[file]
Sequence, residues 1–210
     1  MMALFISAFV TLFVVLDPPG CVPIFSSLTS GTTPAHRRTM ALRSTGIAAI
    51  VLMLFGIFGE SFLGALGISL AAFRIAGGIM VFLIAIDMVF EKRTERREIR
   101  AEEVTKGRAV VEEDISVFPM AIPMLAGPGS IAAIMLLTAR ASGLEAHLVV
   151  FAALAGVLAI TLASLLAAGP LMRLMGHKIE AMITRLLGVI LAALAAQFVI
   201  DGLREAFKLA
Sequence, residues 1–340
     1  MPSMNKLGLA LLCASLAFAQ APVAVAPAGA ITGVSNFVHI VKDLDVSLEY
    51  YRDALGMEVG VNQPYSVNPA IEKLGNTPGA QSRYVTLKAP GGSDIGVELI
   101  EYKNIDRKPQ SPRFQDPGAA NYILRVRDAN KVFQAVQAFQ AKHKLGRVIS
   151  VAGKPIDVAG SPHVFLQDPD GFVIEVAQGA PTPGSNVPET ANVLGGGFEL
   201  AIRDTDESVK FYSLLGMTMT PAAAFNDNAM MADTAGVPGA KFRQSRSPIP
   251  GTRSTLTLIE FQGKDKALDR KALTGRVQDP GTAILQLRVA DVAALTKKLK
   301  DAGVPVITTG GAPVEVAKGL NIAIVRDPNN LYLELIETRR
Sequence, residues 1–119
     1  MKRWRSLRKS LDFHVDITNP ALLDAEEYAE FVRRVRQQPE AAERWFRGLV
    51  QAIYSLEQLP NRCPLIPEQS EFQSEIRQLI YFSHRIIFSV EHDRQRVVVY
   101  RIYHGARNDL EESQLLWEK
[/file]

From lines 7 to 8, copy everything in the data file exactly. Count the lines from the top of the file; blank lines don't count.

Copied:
Sequence, residues 1–340
     1  MPSMNKLGLA LLCASLAFAQ APVAVAPAGA ITGVSNFVHI VKDLDVSLEY